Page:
THE RUC has been criticised for not dealing with an alleged victim of Jimmy Savile in a policing review.
However, the PSNI says its cannot find any trace of the complaint made to its forerunner, the RUC.
The force was one of a number forces lambasted for failing to properly investigate sex allegations against the television celebrity.
However, no details of the RUC case are given in a 67-page report just published.
The review was carried out by Her Majesty’s Inspectorate of Constabulary (HMIC), which independently assesses police forces and policing.
It has expressed concern over why so many victims felt unable to approach police with allegations during Savile’s lifetime.
The Inspectorate asked all police forces to provide information relating to sexual abuse by Jimmy Savile prior to the 2012 investigation.
“The findings are surprising, given what is now known of Savile’s prolific offending,” a statement said.
Police recorded just five allegations of criminal conduct, and two pieces of intelligence information during his lifetime.
The review has raised concerns about the extent to which victims tried to report their allegations to police prior to last year’s Operation Yewtree, and “for whatever reason, were not treated as they should have been”.
The report also stated that eight victims so far have come forward to indicate they had reported claims of abuse, and had not been dealt with appropriately.
One of these victims reported a complaint to the Royal Ulster Constabulary (RUC).
Iniatially responding to the findings, a PSNI spokesperson said: “PSNI engaged the HMIC review and sought to provide inspectors with as much information as possible.
“We have now received the final report and will give full consideration to its findings and recommendations.”
However, on Tuesday afternoon the PSNI issued a further statement, saying it could find no records of an allegation of this nature being made.
“At the request of HMIC, PSNI checked all RUC records and were unable to find any record of an allegation being made in relation to Jimmy Saville,” said the spokesperson.
“PSNI take all reports of abuse seriously. Police would encourage anyone with a complaint about a sexual assault to contact their local police. All allegations will be investigated.”
HM Inspector of Constabulary, Drusilla Sharpling, said: “The findings in this report are of deep concern, and clearly there were mistakes in how the police handled the allegations made against Savile during his lifetime.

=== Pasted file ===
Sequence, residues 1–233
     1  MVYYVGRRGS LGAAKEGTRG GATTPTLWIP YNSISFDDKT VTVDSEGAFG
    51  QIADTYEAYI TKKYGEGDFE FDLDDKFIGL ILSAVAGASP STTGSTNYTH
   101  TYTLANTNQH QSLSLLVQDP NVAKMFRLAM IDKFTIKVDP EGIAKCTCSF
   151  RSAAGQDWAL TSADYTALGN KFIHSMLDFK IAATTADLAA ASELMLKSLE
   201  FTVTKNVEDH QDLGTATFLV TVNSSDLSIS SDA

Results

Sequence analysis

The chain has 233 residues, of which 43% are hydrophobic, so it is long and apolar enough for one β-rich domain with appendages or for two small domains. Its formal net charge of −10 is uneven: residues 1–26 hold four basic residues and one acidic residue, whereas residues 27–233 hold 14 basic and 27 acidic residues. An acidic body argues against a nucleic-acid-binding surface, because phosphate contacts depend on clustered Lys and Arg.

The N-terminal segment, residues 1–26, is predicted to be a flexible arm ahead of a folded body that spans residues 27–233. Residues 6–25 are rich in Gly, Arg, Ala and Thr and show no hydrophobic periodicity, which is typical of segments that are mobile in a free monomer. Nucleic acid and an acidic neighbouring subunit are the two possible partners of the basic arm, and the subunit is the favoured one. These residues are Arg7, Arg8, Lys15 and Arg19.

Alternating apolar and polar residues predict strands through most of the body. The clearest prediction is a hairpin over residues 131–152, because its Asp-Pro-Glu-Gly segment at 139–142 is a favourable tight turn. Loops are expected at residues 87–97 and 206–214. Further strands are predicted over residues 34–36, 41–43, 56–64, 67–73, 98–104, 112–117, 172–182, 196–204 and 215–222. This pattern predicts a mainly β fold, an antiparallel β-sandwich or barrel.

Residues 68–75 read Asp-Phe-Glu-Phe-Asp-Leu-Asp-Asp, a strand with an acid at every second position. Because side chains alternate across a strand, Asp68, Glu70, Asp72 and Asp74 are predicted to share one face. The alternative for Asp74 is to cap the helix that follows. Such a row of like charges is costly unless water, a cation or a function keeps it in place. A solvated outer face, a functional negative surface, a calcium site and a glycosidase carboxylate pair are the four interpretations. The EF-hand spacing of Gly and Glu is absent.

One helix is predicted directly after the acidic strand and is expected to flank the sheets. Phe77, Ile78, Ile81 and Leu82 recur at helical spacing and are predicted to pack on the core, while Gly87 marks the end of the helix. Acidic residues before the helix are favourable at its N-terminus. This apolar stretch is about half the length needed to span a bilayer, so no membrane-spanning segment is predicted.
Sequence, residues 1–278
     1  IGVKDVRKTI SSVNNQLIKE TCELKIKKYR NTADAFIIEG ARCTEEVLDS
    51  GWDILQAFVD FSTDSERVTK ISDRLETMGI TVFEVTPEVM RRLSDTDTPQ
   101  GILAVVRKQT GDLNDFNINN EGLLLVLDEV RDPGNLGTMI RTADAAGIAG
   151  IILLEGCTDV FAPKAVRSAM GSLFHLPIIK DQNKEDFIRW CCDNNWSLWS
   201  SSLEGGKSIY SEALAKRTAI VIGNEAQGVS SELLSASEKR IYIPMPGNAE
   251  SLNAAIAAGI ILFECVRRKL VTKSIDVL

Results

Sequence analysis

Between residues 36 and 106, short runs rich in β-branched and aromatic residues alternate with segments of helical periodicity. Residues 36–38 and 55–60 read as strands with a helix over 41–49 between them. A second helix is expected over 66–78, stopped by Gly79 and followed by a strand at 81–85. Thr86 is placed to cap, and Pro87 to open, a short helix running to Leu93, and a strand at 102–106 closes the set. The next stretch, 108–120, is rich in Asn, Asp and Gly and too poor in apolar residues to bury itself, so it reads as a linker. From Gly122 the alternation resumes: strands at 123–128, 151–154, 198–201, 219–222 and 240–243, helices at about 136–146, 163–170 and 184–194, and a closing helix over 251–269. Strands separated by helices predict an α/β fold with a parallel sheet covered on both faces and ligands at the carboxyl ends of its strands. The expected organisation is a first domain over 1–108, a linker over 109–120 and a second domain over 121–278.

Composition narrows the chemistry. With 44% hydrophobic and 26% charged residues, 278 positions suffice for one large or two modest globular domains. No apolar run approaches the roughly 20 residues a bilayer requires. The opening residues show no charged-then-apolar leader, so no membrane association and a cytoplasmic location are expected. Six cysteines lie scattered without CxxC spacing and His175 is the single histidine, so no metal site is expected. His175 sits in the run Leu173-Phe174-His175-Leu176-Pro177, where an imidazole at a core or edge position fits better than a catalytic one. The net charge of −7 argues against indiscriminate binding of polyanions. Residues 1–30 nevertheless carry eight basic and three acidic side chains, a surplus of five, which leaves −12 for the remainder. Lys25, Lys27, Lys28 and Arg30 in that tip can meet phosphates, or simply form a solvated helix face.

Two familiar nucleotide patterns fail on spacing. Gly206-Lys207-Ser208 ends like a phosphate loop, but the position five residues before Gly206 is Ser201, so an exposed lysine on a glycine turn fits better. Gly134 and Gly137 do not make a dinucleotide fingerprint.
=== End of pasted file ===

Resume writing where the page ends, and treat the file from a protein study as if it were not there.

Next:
“However, an equally profound problem is that victims felt unable to come forward and report crimes of sexual abuse.
“It is imperative that all those charged with protecting these victims do more to encourage reporting, taking the right action to bring perpetrators to justice.
“We welcome the new measures announced recently by the Director of Public Prosecutions and the Association of Chief Police Officers. But more needs to be done, and it is neither enough nor correct to say ‘This couldn’t happen now’.”
HM Chief Inspector of Constabulary, Tom Winsor, said: “It is imperative that children and other victims of sexual crimes have the knowledge, the means and the confidence to report what has happened to them.
“HMIC’s report identifies policies and practices which the police must reassess and improve in order to be better able to deal with historical allegations, and to keep our children safe.”
The watchdog found that a child reporting sexual abuse today is likely to be better treated than 50 years ago.
The statement added: “But there is still more to do if children are to receive the full protection of the changes that have been introduced since then.”
The Inspectorate said it will examine wider concerns about the way police manage and use information and whether national guidance is being given full effect in all forces in a wider review due to start in the summer.